37,000 litres – enough to fill 148,000 glasses of milk. That’s how much milk one of Fonterra’s new ‘Truck and Dog’ tankers can hold.
The new state-of-the-art milk tanker is transforming farm milk collection for Fonterra Australia, creating new jobs in the regions, improving efficiency from farm to factory, and reducing the number of trucks on country roads.
A jump in the amount of milk Fonterra collects means that more people and bigger trucks are needed to handle the growth. The first of 14 new tankers collectively capable of holding over 500,000 litres of milk have begun hitting the road, replacing older and smaller milk tankers and improving the efficiency of farm milk collection, while 26 new drivers have come on board across Fonterra’s four regions, boosting local jobs at Darnum, Cobden, Tongala, and Wynyard.
Fonterra General Manager of Logistics and Distribution Justin Ryan says the fleet upgrade includes two new types of tanker – a 26-metre tanker capable of carrying 43,000 litres, or 26 per cent more milk than the previous tankers, and the “Truck and Dog” tanker – a truck and trailer that can carry 27 per cent more milk than the tankers it replaces. Both trucks have a smaller turning circle than other truck and trailer units, meaning they can access even more farms and local roads.
“We’ve also created 26 new jobs in the Farm Milk Collection team, based at our regional Farm Milk Collection depots. The new drivers boost our existing team of drivers and ensure we’re providing a consistently high level of service to our farmers during the seasonal peak,” says Justin.
“We’ve had over 20 per cent growth in the volume of milk we collect over the past eighteen months, and our new drivers and the upgraded fleet have been crucial to supporting that growth.”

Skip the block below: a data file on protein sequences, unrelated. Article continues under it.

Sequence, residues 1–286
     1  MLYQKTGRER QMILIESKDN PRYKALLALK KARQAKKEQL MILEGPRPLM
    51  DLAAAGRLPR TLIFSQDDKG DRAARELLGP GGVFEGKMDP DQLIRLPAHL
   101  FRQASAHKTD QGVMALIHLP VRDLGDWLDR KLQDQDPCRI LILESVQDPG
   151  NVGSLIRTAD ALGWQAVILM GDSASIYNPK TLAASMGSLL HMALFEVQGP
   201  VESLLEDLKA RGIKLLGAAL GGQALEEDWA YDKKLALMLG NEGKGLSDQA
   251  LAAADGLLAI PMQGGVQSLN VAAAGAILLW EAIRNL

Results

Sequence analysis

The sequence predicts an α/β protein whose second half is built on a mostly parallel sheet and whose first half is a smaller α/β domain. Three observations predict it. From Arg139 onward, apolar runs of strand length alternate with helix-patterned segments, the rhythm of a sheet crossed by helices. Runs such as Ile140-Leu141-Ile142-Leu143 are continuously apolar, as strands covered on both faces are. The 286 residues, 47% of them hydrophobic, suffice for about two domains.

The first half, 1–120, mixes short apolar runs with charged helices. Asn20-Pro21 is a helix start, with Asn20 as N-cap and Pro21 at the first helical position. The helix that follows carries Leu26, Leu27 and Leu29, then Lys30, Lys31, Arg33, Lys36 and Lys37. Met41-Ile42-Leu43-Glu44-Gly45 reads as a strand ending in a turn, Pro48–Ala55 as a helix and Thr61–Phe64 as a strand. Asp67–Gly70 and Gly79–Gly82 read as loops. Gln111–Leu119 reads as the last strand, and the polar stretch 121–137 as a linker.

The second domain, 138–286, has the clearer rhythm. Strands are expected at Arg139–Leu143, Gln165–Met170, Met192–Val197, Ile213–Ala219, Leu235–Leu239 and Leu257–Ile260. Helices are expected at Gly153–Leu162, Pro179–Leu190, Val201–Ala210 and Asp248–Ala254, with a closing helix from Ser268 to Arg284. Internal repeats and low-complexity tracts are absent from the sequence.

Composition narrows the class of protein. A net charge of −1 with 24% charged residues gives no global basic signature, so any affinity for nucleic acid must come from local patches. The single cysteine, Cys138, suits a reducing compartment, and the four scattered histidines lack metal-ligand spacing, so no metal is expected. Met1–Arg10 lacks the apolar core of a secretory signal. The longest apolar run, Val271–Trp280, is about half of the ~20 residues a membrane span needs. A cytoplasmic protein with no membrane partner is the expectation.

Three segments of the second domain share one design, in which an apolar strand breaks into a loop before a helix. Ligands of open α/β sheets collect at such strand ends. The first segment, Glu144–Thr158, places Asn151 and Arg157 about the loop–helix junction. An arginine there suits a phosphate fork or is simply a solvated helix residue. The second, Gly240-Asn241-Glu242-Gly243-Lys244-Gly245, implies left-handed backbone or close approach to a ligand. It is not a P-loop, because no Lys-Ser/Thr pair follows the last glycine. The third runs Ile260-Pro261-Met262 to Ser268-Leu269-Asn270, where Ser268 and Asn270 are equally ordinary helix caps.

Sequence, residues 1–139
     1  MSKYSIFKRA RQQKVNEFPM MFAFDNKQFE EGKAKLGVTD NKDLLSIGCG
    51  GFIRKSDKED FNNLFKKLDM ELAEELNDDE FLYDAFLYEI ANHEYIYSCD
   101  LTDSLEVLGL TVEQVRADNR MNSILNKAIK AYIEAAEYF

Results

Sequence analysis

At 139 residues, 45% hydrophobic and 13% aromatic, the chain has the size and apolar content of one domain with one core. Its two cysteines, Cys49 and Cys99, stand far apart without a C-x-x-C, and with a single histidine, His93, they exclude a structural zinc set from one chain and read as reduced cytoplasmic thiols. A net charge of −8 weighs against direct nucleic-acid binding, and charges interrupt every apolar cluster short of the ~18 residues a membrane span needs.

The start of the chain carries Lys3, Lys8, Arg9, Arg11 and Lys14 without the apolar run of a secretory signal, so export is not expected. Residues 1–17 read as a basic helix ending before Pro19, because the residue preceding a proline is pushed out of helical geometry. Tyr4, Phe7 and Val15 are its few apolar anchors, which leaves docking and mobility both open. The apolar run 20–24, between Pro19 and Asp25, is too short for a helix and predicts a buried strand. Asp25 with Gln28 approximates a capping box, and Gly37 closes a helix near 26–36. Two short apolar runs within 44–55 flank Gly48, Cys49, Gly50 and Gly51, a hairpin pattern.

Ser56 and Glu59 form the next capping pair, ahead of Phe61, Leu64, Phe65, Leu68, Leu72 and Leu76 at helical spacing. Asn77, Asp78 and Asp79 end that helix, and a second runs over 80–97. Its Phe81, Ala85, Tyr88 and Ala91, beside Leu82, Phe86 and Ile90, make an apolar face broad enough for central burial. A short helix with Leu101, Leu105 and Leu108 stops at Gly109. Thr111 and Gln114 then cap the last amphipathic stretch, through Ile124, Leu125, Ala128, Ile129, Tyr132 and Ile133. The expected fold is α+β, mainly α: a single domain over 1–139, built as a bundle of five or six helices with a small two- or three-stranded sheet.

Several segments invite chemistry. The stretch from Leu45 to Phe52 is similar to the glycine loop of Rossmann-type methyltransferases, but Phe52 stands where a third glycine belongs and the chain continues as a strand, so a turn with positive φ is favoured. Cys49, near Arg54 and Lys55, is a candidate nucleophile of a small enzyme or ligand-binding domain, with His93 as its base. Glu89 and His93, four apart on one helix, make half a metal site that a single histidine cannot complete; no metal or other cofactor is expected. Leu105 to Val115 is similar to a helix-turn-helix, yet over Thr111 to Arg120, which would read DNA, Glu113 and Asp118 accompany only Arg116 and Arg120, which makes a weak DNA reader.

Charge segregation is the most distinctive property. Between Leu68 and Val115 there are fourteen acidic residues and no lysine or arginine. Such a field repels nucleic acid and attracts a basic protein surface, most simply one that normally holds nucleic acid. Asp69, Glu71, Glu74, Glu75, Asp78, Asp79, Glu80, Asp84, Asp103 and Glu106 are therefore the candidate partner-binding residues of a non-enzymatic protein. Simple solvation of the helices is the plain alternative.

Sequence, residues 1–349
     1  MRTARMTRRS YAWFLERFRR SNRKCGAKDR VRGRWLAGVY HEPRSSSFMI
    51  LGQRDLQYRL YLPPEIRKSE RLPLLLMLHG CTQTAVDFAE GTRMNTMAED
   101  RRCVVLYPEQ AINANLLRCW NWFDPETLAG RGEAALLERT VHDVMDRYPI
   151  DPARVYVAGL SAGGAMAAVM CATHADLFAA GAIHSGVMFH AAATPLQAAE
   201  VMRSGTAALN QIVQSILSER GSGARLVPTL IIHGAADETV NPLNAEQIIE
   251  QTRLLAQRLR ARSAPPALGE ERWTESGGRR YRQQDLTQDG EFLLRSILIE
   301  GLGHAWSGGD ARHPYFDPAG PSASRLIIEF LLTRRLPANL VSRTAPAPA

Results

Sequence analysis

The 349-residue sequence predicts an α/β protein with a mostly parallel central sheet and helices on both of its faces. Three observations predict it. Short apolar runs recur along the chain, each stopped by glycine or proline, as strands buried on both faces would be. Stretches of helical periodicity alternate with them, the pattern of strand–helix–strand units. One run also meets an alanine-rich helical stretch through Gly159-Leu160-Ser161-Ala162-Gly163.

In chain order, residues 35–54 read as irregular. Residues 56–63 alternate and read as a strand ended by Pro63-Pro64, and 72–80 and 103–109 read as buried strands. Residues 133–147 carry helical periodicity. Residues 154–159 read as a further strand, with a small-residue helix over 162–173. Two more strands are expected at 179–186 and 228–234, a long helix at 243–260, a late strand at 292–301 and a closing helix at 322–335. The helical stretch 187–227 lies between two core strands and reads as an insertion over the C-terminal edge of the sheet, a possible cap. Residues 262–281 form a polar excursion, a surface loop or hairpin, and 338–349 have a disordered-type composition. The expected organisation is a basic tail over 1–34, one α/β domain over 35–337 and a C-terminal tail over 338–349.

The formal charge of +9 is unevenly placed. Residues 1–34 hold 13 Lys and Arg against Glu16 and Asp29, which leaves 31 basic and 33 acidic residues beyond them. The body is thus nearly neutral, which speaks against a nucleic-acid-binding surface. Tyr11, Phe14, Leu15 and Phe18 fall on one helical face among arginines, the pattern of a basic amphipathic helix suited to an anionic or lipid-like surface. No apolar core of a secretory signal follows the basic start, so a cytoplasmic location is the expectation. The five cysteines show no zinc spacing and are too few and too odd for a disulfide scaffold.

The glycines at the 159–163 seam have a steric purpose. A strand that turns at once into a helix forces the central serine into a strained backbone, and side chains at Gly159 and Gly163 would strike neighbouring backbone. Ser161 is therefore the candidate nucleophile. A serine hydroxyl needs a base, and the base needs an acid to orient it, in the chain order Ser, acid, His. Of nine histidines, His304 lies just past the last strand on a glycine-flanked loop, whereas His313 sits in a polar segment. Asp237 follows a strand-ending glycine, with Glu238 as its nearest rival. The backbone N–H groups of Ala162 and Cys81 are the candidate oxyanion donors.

Fonterra Farm Milk Collection operator Leon McLaren has seen a lot of change over his more than 30 years collecting milk in Tasmania’s North West, and says the new, state-of-the-art tankers are a big leap forward in terms of efficiency and safety over the trucks he drove when he first started out.
“The ‘Truck and Dogs’ are much easier to manoeuvre in and out of farms, and the braking is much better too – I love jumping behind the wheel!”, says Leon.
As well as creating new jobs in regional Victoria and Tasmania, the upgraded fleet is also helping to improve efficiency, with the new trucks now able to collect greater volumes of milk – meaning fewer trucks on the road.
“The new fleet has helped us to lift our payload – the amount of milk we can carry – an average of eight per cent, meaning fewer vehicle movements on the rural and regional roads on which we collect milk,” says Justin.
“This number is expected to rise to a 30 per cent improvement at the completion of the fleet upgrade, improving traffic flows and reducing wear and tear on rural roads.”